NSFGEO-NERC: Linking geophysics and volcanic gas measurements to constrain the transcrustal magmatic system at the Altiplano-Puna deformation anomaly

Lead Research Organisation: University of Bristol
Department Name: Earth Sciences


The path that magma takes through the crust is not well understood -- where is magma stored and under what conditions will it erupt? While this question is of fundamental scientific interest, it is also directly related to understanding the hazard posed by volcanic systems that are showing signs of activity and unrest. This proposal seeks to understand the cause of unrest and the architecture of the magma storage system within the central Andes, home to the world's largest geophysically imaged zone of silicic partial melt, the Altiplano-Puna Magma (or Mush) Body (APMB).
The new paradigm of a transcrustal magmatic system (TCMS) where magma is stored and undergoes chemical changes occurs at several locations throughout the entire crust. This conceptual revolution is being driven by petrological, geochronological, and geochemical studies of magma storage conditions that show (1) many large eruptions tap multiple melt sources, (2) large melt bodies are probably transient features, (3) crystals carried by the transporting melt have been stored at a range of pressures and temperatures. A key location to assess and refine models of currently active TCMS is at the APMB, where a large ground deformation pattern 150 km in diameter lasting several decades has been observed centered on Uturuncu volcano, Bolivia. By collecting and analyzing new interdisciplinary field measurements (gravity, ground deformation, seismic, gas flux and composition) and developing 3D numerical models, this proposal will answer several outstanding questions about the nature of TCMS at the APMB: 1. What is the cause of deformation in the midcrust at the APMB: a magmatic diapir, cyclic up and down movements from magma mush reorganization involving magma and/or volatiles, or something else? 2. What is the nature of a shallow-seated conductivity anomaly -- to what extent is it partial melt, a hydrothermal brine reservoir, or a mature ore body? 3. What is the flux of volatiles through the TCMS? 4. How important is crustal anisotropy in the interpretation of the subsurface magma plumbing architecture?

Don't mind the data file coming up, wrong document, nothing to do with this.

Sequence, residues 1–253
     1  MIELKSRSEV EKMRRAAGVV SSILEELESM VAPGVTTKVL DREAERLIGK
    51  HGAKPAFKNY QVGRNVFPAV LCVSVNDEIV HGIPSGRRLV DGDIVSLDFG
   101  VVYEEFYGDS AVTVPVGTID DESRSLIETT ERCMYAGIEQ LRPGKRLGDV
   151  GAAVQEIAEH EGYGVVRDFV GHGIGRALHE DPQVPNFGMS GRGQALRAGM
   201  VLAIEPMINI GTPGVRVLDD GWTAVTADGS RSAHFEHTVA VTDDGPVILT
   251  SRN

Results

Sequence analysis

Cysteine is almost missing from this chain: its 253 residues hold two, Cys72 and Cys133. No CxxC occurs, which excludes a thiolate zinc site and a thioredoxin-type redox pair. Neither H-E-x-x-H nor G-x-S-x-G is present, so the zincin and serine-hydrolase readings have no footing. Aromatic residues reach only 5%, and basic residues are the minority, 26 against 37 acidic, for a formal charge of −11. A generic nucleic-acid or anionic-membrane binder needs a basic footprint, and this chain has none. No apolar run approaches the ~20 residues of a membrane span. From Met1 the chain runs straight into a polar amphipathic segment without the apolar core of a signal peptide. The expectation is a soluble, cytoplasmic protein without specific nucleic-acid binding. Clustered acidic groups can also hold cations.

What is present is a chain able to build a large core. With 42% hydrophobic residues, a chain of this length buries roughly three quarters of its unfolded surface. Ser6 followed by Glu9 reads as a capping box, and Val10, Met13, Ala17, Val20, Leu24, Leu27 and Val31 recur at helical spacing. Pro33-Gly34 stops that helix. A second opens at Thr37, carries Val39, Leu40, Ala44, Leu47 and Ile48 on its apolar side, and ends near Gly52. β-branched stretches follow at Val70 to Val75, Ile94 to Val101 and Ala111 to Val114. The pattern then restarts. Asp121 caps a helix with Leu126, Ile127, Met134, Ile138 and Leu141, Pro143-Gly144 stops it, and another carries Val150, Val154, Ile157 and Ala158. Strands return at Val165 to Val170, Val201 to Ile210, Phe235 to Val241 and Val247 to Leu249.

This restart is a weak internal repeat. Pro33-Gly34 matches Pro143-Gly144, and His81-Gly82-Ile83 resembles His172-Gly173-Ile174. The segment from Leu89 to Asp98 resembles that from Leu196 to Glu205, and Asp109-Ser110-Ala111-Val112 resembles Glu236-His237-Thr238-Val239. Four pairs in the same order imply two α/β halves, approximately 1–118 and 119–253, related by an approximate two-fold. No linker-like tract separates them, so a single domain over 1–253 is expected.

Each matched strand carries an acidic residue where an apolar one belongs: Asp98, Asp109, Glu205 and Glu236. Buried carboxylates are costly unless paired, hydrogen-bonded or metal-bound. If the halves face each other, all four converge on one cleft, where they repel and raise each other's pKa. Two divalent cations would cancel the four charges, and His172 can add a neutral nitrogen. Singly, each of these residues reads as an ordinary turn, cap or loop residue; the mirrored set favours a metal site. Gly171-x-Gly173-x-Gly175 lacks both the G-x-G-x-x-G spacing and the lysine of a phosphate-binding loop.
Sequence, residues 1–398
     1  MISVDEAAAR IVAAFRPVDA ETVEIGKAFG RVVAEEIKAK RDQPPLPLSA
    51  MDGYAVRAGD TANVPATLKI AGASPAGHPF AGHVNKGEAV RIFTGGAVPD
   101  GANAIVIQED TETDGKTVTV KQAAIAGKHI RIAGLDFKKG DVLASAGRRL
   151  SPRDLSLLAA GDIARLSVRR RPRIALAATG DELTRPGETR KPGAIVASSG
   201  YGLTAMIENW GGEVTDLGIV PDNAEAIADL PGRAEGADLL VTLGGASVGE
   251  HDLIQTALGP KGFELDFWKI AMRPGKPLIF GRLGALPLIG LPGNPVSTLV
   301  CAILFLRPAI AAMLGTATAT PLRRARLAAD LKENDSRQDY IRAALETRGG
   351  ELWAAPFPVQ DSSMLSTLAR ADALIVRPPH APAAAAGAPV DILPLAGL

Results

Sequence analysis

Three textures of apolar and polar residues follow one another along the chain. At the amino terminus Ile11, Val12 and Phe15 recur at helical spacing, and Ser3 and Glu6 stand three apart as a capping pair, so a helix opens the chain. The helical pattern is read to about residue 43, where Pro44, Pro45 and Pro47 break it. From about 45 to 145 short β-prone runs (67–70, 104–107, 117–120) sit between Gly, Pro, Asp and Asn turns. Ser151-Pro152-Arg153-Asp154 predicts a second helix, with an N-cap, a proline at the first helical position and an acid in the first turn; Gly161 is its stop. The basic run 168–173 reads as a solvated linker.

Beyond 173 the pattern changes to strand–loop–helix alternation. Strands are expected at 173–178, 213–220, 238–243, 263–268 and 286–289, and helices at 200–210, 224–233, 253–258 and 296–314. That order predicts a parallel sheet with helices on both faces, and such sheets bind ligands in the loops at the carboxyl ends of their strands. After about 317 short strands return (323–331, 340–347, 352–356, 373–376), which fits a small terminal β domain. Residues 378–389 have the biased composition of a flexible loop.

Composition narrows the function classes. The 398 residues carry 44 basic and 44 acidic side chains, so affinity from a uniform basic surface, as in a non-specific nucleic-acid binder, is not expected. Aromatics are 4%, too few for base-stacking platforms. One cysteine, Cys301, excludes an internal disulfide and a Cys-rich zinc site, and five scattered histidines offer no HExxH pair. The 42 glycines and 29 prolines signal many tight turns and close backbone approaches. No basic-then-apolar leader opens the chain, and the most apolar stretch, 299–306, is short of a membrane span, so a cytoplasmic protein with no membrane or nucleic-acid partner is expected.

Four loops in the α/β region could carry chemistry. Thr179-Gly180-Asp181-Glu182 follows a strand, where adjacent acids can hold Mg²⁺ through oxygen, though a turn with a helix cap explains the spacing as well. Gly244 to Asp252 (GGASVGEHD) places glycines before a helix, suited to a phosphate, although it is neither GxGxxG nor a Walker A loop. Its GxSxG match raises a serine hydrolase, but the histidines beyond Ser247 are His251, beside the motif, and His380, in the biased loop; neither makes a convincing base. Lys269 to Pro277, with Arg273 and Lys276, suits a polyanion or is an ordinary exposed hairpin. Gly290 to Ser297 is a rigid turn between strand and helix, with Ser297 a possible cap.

We propose a multi-parametric study to test specific aspects of the TCMS in the central Andes that could be broadly applicable to other TCMS currently active in the world and in the geologic record. Using a closely coordinated international geophysical and geochemical approach with funding from both the US NSF and UK NERC, we will test and refine the possible cause of the ground deformation, better constrain the shallow structure, determine whether deformation is still occurring, and make the first measurements of the volatile flux through the system.

Planned Impact

The proposed basic research will provide a better understanding of the nature of TCMS and is a broader impact because it provides insight into the natural processes that lead to volcanic unrest and potentially eruption that can then be applied elsewhere. The proposal will increase international cooperation between scientists in the US, UK and Bolivia and improve infrastructure for volcano monitoring in Bolivia at the Observatorio San Calixto (OSC), a private, non-profit organization that is responsible for seismic monitoring throughout the country. Although Bolivia has 12 potentially active volcanoes, there are no seismic stations near the volcanoes in southwest Bolivia or other geophysical or geochemical monitoring of these volcanoes. Thus, the 2-year seismic deployment will add to the limited understand of the background earthquake activity at the volcanoes that is necessary to better assess the hazard of future volcanic unrest -- what is normal activity and what should cause concern? OSC staff will participate in the work and have requested training in the field methods that we use (seismic, GNSS, gravity, and gas). We share all data immediately upon collection with OSC and we collaborate together in the interpretation. The project also involves training of at least one female graduate student.
Description We conducted a geophysical survey of the target area and were able to shed light on the density distribution beneath Uturuncu volcano down to a depth of 5km. The data highlight a hitherto unknown positive density anomaly within the volcanic edifice. Further analysis are currently underway to identify the nature of this anomaly.
Exploitation Route Modelling of the geophysical data will shed light on the subsurface architecture. The data can then be used by others to inform their geophysical subsurface models and data interpretation
Sectors Environment

Description Collaboration with NSF funded part of project 
Organisation Cornell University
Country United States 
Sector Academic/University 
PI Contribution Joint fieldwork and data collection
Collaborator Contribution Joint fieldwork and data collection
Impact Visiting professorship to Bristol for US partner Prof. M. Pritchard
Start Year 2018